Health Science Journal

  • ISSN: 1791-809X
  • Journal h-index: 61
  • Journal CiteScore: 17.30
  • Journal Impact Factor: 18.23
  • Average acceptance to publication time (5-7 days)
  • Average article processing time (30-45 days) Less than 5 volumes 30 days
    8 - 9 volumes 40 days
    10 and more volumes 45 days
Awards Nomination 20+ Million Readerbase
Indexed In
  • Genamics JournalSeek
  • China National Knowledge Infrastructure (CNKI)
  • CiteFactor
  • CINAHL Complete
  • Scimago
  • Electronic Journals Library
  • Directory of Research Journal Indexing (DRJI)
  • EMCare
  • OCLC- WorldCat
  • University Grants Commission
  • Geneva Foundation for Medical Education and Research
  • Euro Pub
  • Google Scholar
  • Secret Search Engine Labs
Share This Page


Compliance with Standard Precautions among Nurses in Saudi hospitals

Hanadi Dakhilallah, Noda Dakhilallah

Introduction: Healthcare practitioners face the risk of not only spreading infections from patient to patient, but also to themselves if they do not follow standard precautions (SPs) for infection control. Despite the seriousness of doing so, past research has indicated SP compliance is poor.

Purpose: This study sought to examine current SP compliance rates across multiple hospital times in the Tabouk region of Saudi Arabia.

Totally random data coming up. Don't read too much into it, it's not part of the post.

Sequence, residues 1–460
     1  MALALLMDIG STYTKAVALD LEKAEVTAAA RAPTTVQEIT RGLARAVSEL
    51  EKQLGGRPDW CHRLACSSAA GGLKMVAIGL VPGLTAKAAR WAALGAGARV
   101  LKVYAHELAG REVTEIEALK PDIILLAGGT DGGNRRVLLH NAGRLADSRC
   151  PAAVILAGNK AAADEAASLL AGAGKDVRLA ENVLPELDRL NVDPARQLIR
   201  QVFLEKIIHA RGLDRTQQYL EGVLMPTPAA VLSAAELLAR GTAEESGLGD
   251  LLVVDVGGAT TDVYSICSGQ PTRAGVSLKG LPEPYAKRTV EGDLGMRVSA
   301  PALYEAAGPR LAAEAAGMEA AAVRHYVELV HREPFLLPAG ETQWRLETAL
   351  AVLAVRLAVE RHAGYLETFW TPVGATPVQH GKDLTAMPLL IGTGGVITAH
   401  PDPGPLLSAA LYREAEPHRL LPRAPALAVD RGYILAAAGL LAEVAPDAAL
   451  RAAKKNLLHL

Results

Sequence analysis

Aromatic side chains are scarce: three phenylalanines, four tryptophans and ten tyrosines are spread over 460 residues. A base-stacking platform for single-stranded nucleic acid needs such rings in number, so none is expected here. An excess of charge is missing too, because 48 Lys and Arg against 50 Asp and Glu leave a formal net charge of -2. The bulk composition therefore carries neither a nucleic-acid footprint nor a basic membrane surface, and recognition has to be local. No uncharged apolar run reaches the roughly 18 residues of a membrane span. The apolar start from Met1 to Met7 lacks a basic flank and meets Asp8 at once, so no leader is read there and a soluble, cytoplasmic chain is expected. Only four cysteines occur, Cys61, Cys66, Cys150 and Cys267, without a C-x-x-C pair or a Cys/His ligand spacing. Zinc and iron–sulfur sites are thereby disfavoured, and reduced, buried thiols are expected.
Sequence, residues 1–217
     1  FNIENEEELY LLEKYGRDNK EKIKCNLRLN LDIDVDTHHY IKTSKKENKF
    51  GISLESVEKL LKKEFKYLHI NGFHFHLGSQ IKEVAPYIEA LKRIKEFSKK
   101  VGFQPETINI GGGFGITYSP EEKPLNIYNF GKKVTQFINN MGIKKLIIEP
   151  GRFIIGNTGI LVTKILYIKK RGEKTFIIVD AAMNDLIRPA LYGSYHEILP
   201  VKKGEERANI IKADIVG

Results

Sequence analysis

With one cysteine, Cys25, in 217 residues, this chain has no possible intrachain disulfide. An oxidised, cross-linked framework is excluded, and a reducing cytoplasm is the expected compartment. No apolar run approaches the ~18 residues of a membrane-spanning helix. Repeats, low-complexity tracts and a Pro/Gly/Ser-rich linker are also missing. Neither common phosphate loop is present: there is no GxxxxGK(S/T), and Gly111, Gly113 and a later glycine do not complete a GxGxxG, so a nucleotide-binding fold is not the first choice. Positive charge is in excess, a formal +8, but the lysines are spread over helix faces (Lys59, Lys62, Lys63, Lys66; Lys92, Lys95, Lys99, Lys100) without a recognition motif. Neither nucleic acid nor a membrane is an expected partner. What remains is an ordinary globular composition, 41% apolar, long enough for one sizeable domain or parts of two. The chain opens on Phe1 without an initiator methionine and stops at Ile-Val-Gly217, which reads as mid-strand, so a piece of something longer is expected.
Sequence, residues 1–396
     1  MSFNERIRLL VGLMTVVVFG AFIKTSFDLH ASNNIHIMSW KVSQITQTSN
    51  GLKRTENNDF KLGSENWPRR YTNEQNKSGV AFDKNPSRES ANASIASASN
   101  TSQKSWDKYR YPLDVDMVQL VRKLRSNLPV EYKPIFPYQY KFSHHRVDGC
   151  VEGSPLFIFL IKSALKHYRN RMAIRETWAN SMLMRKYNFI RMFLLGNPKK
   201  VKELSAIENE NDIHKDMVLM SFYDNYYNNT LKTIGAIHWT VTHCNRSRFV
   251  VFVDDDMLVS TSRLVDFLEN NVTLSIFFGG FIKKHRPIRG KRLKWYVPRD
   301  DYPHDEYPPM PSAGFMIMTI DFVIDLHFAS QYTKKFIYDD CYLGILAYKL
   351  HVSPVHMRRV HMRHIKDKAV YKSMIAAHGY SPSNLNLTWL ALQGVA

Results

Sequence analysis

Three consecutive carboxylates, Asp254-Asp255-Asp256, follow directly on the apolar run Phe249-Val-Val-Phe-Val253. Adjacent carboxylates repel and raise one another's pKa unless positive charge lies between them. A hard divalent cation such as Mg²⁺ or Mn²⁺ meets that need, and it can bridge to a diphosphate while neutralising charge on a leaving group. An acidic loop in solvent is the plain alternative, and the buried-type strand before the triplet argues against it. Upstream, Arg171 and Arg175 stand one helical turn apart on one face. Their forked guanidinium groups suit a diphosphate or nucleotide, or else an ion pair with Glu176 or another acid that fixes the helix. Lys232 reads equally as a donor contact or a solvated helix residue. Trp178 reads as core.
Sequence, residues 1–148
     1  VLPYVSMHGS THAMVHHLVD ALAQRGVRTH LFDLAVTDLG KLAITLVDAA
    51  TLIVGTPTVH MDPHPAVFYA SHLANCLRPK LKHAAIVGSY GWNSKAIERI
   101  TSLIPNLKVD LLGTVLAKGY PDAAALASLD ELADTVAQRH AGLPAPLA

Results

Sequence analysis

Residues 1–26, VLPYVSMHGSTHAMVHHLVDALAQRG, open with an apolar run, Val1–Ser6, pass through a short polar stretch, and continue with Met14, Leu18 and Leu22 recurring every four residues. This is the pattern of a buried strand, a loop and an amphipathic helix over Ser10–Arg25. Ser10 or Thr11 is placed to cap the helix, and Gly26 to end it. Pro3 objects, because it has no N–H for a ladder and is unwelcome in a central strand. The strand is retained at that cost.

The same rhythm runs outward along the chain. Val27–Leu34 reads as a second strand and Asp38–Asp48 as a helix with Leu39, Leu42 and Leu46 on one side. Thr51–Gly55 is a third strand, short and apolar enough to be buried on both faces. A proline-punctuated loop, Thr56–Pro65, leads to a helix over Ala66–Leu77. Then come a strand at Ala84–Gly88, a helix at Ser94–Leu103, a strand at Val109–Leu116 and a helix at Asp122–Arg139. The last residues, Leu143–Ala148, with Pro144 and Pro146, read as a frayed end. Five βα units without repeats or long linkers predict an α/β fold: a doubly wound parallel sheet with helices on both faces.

Method: In order to achieve this, a sample of n=354 nurses were recruited to take part in a descriptive cross-sectional study in which their rate of compliance with SP protocols could be assessed.

Results: The findings from this study indicated that overall compliance was sub-optimal and below clinical expectations. This was particularly the case with regards to hand washing, sharps management, and re-use of single-use Personal Protective Equipment. When examining participant characteristics in relation to the SP compliance, a series of significant differences were found across departmental settings, with surgical ward staff being the least likely to comply with SPs (p<.001). Perhaps the most surprising findings however are reserved for the examination of the impact of having received infection control training in the past. There was evidence to suggest that across a number of SP items, those who had received training complied less with SPs than would be expected (p<.001).

Conclusion: This was a stark finding and calls for additional work to be done in the field of training and support for infection control.